In fact, it occurred to me even as a kid perusing Time/Life histories that you rarely hear of two kings in a row who were wise, just, and strong leaders. Usually the kid of your basic Alexander is a loafer. Baby Doc Syndrome. Just this morning I read of an Israeli discovery of a 1,500-year-old Byzantine church whose members could paint intricate and durable altar mosaics (they’re still stunning in pattern and color) but who couldn’t keep the church itself unburied by desert for even a few centuries. I mean, I know how difficult it is to find a good contractor, but still.
Even at the famous departed Egyptian library, nearly every book was burned within a century or three of its having being scratched on to papyrus. And the mighty learned city’s namesake, Alexander, saw his pan-European and -Asiatic empire dissolve in incompetence and infighting before his body was cold.
And yet that’s not what has me reeling. For that we need to go back to the atlatl days. In fact, even though I very much want this noblest of experiments (the U.S. laboratory of freedom) to endure, the lack of staying power in any empire should really not be so surprising. If we examine how our own society is being governed at the moment (I’m talking to you, secret hold-placing Congress), it’s amazing that we’ve made it two centuries.
No, what blows my mind — the Big News — to me, is that we learned recently that the cave-painting Paleolithic cultures of Europe — they of Lascaux and Altamira — appeared to have endured without conflagration or dissolution for a long as 20,000 years. Are you kidding me? Twenty times as long as Rome? A hundred times as long at the U.S. so far? What were these guys doing right? Other than not having invented reality television. Read more…
The Easiness of Warm Season In the Desert ended, as it does later and later every year, with the explosion of both my garden and my orchard drip irrigation filters. And yet the hand-watering poor man’s drip method I employ (five-gallon buckets set next to every tree and vine with three small holes drilled near the bottom) has proved to be not just not less time-consuming than I annually dread, but beautiful and inspiring and even salivatingly fragrant (thank you rosemary stalks and pinion sap), except for the tedious process of beating paths through the “pokeys” — as we here on the Funky Butte Ranch call the Chinese star wildflower seed burrs, through which I had to bust the first couple of times, and really until some snow beat down the copious and durable Monsoon season vegetation.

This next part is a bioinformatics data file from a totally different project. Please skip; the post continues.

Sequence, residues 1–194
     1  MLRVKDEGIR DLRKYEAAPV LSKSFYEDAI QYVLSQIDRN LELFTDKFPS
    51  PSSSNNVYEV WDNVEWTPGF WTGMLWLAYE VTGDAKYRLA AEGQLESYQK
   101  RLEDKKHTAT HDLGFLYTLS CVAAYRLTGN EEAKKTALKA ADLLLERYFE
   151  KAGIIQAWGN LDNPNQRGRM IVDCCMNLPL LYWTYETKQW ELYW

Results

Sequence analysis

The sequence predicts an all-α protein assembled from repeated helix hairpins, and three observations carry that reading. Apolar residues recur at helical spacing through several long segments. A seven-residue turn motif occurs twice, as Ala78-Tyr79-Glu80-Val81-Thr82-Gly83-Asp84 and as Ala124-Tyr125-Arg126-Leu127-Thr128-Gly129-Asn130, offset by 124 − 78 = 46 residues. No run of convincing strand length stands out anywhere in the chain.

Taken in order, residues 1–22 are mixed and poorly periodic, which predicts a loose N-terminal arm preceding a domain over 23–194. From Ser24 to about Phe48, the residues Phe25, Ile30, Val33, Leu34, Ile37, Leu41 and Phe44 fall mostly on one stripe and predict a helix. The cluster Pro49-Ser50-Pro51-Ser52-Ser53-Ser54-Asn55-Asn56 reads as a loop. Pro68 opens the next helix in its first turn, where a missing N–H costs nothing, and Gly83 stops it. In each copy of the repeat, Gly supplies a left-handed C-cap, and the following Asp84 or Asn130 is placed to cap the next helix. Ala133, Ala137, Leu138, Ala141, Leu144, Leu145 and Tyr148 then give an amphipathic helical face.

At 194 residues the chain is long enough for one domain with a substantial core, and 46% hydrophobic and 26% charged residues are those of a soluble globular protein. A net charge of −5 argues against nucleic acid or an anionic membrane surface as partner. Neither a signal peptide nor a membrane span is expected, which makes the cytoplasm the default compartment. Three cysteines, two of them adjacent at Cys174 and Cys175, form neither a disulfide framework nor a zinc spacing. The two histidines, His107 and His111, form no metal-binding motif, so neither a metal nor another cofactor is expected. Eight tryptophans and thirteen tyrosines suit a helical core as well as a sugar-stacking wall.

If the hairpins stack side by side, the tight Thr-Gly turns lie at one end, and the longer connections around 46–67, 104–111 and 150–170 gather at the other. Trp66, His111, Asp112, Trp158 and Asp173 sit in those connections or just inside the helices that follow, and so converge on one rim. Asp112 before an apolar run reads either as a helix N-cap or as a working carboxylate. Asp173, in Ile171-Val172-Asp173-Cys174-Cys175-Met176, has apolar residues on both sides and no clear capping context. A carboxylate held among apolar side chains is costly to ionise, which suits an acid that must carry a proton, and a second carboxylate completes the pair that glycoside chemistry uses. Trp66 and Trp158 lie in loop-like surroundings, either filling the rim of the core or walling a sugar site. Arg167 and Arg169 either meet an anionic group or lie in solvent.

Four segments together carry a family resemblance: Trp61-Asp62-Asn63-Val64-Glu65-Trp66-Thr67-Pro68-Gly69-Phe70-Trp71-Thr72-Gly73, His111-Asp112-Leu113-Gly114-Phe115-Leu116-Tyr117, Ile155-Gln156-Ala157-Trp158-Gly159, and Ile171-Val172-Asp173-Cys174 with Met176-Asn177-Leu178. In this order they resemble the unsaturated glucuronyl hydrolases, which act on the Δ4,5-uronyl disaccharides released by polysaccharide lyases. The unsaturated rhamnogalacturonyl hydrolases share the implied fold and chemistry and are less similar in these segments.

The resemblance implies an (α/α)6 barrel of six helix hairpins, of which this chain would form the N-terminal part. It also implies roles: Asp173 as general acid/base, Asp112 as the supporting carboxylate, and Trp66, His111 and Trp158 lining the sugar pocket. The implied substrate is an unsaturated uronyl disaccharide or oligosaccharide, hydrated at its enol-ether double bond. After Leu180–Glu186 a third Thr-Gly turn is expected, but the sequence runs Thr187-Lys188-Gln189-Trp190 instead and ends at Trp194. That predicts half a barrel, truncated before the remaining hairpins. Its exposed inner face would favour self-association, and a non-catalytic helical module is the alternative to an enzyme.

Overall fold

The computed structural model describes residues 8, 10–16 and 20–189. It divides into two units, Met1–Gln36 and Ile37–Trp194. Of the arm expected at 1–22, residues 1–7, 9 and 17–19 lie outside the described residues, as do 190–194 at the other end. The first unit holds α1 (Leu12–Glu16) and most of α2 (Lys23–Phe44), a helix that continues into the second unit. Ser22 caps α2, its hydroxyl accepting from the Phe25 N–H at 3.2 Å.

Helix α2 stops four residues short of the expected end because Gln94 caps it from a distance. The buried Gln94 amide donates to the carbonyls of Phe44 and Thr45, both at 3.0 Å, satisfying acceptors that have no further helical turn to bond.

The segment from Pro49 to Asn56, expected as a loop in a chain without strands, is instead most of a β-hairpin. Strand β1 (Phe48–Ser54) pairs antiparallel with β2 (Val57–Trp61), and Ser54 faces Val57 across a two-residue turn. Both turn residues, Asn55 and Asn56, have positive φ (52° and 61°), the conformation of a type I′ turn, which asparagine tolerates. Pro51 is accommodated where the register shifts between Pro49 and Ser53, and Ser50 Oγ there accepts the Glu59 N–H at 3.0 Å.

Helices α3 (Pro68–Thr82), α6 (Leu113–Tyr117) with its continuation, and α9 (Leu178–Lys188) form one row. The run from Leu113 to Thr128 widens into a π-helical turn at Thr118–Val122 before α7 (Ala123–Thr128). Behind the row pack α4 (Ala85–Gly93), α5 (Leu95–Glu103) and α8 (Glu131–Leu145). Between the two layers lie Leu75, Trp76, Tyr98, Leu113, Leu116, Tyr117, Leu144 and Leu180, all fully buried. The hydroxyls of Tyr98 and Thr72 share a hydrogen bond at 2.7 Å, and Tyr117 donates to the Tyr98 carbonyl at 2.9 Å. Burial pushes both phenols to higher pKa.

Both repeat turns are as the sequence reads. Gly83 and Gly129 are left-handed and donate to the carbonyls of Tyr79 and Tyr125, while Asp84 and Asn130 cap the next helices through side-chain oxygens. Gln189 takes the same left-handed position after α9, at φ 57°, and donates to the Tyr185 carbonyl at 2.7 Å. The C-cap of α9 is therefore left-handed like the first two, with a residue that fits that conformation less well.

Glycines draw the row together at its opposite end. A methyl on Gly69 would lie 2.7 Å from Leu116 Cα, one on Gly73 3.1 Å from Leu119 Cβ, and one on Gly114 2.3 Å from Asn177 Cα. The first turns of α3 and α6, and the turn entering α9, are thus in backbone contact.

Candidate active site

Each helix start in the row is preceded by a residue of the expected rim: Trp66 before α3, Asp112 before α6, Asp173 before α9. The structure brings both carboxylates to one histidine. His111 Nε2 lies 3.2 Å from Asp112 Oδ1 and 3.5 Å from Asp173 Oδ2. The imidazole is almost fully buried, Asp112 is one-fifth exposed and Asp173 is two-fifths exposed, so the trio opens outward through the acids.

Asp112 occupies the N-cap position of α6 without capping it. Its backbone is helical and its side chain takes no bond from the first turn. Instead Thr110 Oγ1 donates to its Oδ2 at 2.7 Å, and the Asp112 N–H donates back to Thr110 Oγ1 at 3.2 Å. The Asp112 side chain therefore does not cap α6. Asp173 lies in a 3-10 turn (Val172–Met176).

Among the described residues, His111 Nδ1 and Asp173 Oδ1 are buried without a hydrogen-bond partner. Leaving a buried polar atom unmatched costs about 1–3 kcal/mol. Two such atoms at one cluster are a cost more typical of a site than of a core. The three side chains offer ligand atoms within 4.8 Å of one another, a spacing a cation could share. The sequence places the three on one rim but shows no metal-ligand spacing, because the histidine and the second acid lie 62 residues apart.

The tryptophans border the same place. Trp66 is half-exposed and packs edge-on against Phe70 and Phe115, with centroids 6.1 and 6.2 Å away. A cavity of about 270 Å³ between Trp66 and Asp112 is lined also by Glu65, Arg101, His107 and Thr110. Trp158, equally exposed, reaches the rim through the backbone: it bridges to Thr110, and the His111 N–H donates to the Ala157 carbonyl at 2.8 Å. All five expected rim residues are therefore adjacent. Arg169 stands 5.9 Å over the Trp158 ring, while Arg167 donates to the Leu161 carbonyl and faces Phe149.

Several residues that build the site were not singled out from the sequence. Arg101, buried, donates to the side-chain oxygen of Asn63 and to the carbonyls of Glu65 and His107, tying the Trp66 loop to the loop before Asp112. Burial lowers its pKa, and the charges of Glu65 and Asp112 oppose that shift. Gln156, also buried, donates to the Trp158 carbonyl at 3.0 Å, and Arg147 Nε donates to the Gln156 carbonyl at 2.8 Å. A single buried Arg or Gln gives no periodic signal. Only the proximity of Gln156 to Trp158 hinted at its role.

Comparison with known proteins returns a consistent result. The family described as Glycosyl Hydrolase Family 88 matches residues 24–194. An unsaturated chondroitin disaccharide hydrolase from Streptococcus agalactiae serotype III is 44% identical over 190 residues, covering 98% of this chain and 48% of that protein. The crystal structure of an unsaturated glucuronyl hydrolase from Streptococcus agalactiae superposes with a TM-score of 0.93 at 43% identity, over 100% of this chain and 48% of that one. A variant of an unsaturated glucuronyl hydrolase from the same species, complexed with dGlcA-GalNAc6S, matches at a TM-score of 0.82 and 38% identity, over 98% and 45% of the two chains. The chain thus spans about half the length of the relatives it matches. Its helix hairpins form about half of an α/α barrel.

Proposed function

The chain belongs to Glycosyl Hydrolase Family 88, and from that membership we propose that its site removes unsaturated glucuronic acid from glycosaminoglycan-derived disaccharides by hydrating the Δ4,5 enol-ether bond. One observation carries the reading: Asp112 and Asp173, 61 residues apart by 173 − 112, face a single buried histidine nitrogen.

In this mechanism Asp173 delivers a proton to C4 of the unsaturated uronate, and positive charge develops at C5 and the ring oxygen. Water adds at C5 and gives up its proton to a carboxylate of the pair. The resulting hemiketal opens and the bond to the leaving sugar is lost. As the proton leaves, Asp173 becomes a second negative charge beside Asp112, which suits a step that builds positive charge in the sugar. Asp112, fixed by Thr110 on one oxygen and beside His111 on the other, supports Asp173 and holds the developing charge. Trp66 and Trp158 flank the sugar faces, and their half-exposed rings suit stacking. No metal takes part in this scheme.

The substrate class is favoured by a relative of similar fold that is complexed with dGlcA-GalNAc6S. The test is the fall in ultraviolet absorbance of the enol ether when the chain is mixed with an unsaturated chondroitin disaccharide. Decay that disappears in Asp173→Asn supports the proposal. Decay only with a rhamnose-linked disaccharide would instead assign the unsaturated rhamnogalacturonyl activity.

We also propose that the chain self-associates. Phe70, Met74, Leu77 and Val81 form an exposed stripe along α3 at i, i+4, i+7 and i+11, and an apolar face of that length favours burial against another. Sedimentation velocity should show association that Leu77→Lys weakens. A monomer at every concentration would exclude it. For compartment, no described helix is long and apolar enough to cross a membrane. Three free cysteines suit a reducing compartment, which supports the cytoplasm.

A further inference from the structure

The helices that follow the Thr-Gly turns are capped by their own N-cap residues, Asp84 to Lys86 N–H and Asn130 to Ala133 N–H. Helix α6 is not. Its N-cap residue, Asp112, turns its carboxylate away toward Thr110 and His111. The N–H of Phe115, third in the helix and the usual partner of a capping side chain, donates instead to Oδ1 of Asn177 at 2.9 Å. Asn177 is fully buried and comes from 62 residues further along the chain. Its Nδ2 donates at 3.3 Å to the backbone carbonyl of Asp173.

Yes, this is supposed to be the Vincent Van Gogh time of year — burrs and decaying sunflower stalks everywhere, making open-toed shoes during goat milking simply not a viable, scream-free possibility — but I feel as energetic as a child in spring. Possibly because I’m surrounded at nearly all times by two small children for whom every waking moment is simply a series of new and almost inevitably joyful discoveries.
Which, if they studied the right things, researchers would conclude is virulently contagious. Take cleaning the goat corral. The dusty hour-long task seemed done in an instant today. A large part of this is that my toddler work crew seems to be aware from the start that, Big Picture, it’s all pretty funny — both my sons just seem to laugh and laugh. Often at me. It’s one of the realities about which I’m most excited as a parent.